First Amendment Protects Funeral Protests

2011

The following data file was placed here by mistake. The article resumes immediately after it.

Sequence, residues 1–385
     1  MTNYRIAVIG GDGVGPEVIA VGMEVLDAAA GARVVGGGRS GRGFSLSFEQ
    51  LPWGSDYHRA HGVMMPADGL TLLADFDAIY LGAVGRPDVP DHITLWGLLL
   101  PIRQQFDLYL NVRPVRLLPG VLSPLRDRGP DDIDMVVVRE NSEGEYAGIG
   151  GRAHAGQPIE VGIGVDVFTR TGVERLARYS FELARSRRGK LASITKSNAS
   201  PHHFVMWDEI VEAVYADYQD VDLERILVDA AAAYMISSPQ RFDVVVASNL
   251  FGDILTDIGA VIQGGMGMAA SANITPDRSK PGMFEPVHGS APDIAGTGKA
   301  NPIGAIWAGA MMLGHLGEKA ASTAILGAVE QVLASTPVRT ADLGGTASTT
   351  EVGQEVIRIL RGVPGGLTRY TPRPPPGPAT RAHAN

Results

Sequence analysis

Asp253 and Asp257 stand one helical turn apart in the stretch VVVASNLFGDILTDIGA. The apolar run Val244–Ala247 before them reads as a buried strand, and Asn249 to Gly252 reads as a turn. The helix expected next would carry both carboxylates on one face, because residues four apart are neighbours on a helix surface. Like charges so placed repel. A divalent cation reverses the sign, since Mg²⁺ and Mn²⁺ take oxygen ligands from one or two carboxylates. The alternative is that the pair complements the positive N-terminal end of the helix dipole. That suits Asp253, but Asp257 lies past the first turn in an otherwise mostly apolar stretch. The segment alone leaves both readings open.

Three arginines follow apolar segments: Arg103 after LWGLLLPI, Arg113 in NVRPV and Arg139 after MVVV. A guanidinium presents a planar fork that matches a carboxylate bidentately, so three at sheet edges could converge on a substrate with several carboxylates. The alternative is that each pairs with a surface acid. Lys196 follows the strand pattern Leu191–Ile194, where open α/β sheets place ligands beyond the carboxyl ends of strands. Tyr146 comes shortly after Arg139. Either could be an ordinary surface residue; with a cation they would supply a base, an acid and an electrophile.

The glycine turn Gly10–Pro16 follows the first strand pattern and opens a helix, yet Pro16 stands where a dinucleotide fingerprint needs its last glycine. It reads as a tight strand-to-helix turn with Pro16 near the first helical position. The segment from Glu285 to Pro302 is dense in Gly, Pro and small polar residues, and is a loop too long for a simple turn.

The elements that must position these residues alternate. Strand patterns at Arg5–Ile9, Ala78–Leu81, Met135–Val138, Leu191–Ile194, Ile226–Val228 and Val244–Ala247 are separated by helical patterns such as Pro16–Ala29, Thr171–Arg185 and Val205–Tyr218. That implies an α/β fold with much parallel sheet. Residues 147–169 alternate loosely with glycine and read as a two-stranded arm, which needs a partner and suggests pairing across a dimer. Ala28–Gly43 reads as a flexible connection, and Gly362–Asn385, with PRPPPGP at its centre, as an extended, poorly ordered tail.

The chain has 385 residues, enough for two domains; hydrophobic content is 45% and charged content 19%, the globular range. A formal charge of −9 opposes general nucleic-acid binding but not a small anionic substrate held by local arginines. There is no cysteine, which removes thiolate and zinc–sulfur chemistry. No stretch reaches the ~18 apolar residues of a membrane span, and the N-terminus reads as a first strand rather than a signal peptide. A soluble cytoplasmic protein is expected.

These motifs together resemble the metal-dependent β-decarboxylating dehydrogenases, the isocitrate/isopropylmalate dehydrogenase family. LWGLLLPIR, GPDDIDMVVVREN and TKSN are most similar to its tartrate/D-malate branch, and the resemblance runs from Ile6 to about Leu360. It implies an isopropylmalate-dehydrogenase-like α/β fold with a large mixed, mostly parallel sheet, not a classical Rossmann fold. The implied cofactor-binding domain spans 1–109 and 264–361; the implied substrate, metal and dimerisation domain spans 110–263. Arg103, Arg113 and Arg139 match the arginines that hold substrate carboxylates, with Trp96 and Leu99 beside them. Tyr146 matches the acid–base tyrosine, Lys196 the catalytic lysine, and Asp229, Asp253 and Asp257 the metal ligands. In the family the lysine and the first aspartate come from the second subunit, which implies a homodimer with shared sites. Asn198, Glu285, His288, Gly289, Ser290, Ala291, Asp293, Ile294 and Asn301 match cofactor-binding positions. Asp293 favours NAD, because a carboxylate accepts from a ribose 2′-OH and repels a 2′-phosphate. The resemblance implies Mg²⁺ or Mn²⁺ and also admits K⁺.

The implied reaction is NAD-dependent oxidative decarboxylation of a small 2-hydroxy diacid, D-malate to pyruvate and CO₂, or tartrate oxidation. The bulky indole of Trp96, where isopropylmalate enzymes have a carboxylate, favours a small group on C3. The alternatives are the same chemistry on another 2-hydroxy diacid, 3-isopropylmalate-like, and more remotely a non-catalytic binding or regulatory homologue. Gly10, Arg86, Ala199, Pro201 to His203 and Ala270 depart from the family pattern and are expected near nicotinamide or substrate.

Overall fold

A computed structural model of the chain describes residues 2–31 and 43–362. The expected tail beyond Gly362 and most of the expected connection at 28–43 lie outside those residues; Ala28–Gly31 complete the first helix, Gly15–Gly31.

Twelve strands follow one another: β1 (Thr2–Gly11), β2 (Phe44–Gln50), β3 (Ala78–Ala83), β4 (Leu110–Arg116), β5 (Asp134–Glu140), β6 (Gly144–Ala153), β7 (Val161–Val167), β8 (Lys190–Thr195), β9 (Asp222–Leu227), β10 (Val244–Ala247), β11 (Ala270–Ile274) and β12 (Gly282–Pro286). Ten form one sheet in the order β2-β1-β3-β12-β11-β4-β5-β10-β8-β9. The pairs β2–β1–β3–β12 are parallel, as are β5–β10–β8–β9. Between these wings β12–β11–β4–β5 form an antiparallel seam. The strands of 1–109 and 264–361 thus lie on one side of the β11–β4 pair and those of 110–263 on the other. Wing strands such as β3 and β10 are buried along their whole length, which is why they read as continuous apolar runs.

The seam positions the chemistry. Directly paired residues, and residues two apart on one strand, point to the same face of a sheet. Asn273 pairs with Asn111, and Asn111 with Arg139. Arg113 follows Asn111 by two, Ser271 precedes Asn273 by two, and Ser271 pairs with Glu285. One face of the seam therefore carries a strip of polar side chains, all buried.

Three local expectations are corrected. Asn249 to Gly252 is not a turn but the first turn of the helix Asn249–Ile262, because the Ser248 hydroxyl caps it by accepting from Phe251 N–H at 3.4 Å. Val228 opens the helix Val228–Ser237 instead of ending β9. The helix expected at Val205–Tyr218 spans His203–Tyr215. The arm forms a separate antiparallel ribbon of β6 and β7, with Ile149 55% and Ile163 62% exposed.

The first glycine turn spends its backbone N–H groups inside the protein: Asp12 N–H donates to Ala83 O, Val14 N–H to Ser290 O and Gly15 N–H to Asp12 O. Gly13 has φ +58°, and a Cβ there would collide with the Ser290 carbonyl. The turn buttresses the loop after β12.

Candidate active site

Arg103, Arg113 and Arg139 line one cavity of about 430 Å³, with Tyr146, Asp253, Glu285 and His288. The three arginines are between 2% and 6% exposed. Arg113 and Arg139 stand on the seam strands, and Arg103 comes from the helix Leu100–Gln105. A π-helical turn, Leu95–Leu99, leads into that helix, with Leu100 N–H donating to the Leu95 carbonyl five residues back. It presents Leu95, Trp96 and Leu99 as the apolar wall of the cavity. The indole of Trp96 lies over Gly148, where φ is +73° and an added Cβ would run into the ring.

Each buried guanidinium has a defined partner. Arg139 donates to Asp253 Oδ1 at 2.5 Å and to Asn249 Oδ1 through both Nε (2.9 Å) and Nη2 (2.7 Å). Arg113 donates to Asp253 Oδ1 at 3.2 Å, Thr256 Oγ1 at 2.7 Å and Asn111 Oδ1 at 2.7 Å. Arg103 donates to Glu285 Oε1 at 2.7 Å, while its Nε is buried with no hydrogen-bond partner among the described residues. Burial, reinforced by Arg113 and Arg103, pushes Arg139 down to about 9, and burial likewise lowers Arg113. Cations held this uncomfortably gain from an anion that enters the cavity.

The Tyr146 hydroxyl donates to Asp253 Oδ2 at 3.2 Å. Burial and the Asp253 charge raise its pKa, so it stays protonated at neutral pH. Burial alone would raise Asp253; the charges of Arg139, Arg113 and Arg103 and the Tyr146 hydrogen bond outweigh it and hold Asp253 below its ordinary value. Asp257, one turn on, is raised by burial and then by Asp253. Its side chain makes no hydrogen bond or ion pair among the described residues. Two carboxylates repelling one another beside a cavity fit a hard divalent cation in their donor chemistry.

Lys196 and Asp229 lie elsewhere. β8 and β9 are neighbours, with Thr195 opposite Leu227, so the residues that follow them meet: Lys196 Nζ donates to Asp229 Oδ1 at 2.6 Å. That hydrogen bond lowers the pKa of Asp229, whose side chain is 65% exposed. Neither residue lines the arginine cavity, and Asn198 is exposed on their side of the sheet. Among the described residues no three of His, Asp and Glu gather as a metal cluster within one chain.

“Speech is powerful. It can stir people to action, move them to tears of both joy and sorrow, and — as it did here — inflict great pain.” Those are Chief Justice John G. Roberts Jr.’s words when the Supreme Court rules in Snyder v. Phelps that the First Amendment’s right to free speech protects hateful protests at military funerals. Members of the Westboro Baptist Church — which believes God is punishing the U.S. for its tolerance of homosexuality — had appeared at the funeral of a Marine who died in Iraq. Albert Snyder, the Marine’s father, sued the protesters for, among other things, intentional infliction of emotional distress. Roberts suggests that laws creating buffer zones around funerals would be a better response than punishing unpopular speech. He says that the nation’s commitment to free speech demands protection of “even hurtful speech on public issues to ensure that we do not stifle public debate.”